It’s been almost five years since my mother passed. She left this realm a few weeks after Mother’s Day, so every time May rolls around, my heart feels inside out and raw. Finding a place to start talking about my journey never really happens, so I’m just going to free-write and see what comes out. Bear with me. I know discussing death makes others uncomfortable if they haven’t faced loss. Understandably so, but know that I am writing for those that have. There’s this unexplainable connection you feel to someone when you discover you have experienced the same tragedy. Sharing these words will undoubtedly be cathartic for me, but my ultimate hope is that it resonates with someone who knows these depths. If you have lost your mother, know that my heart feels for yours, and I’m sending you love this weekend.
There was care and sincerity in everything she did. I can still see her making homemade popcorn on the stove every night, or sketching with charcoal for hours. She was everything – light, dark, soft, tough. A word master that could lift any spirit above a setback. When she passed suddenly, switching up every aspect of my life was all that felt “right.” I quit college, my two jobs, my relationship, friendships. It didn’t stop there though. I moved to three cities, in three separate time zones, in three years. I took risks I used to be afraid to and pushed myself further than I had in the past. There were detours along the way where I fostered toxic friendships that blurred my self-worth or gave my time and energy to unworthy men. In retrospect, I see how this was my subconscious form of grieving – making the world I once knew unrecognizable. If anything remotely felt similar to life before her passing, it had to go. Ultimately, I’m grateful for all of it. This adventure of highs and lows has led me to profound friendships, my proudest accomplishments, and most importantly, an unwavering love for the woman I became.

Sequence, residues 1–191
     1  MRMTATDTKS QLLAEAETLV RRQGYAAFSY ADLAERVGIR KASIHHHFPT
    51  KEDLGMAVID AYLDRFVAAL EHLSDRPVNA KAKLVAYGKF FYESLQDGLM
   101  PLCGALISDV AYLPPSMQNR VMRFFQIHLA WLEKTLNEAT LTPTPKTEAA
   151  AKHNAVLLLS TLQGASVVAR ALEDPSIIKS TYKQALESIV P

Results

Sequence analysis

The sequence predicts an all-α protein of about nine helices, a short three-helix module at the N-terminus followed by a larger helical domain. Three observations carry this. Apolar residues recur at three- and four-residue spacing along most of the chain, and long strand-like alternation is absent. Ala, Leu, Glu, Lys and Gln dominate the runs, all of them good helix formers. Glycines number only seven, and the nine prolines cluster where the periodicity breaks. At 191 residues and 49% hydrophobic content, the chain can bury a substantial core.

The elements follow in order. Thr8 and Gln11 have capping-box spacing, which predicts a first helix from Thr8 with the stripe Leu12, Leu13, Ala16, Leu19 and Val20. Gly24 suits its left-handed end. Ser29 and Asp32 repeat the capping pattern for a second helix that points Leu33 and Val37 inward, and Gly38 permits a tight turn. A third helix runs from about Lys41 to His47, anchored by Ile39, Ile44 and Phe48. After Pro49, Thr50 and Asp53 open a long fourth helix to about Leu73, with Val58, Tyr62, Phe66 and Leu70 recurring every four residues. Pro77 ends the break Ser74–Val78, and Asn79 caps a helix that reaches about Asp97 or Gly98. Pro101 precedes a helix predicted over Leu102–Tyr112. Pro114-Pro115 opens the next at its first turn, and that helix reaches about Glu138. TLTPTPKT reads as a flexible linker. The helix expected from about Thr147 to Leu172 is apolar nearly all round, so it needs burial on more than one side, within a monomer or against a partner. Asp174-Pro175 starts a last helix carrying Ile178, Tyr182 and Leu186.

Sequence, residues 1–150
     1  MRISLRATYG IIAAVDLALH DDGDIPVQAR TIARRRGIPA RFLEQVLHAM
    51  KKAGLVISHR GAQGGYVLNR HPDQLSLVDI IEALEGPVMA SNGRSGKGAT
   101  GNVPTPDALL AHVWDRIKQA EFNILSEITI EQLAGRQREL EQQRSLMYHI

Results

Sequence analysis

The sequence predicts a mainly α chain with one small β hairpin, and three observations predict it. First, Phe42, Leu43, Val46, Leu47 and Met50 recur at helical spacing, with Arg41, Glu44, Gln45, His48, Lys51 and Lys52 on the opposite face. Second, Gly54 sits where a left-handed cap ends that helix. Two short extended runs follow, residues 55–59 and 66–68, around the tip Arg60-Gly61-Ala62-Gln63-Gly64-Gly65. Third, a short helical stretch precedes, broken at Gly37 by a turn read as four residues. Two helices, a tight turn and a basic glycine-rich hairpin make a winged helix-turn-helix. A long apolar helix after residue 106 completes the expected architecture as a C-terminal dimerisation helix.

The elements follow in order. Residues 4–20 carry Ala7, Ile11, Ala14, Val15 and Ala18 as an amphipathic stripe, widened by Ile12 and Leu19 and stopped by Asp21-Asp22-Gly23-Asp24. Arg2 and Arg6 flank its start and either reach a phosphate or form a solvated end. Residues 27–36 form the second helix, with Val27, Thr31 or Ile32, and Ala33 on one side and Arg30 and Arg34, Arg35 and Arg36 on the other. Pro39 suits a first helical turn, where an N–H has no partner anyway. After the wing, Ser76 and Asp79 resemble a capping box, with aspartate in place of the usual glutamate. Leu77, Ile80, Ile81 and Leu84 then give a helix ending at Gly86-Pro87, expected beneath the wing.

Grief will consume every piece of your soul if you’re not careful. I never understood the magnitude of irreversible until I lost her. It is a wrenching sadness. For a long time, I didn’t want happy memories if she couldn’t be here for them. There was this incredible guilt even thinking about finding joy again. I went through waves of not wanting any milestone – marriage, children, career success. I have had a major change of heart since those days, but it took realizing how grief could become something entirely different if I left it to its own devices. It’s wild how blinding it is. The pain feels so justified. Trust and believe; I get it. Going through the enormity of loss requires you to be honest about the heartache. Feel it in its entirety. It will always be there in some way, as it should be. She will be a part of me and my life forever. But, there were waves of grief that swallowed me whole… waves that were all-consuming, alarming.. it’s from there I understood it was the agony I needed to begin releasing, not the person.
The thing with energy is that you can’t hide anything from it. If you’re aching and crumbling internally, putting a brave face on to the world might fool others, but it doesn’t fool energy. Justifying pain won’t stop it from causing profound damage. Energy does not register how we differentiate between low vibrations. When I got closer to myself and my understanding of our experience here, I was hyper aware of the way every feeling was making a physiological + subconscious impression, regardless of how much I deemed it necessary. Realizing that everything is recorded in our energy equally was the same moment I understood source is never judging, and that I have the capacity to use this as a catalyst into real meaning. Full surrender was the only option for me from that point on. I had to choose life. Not just any experience, but an abundantly beautiful, purposeful, and courageous one.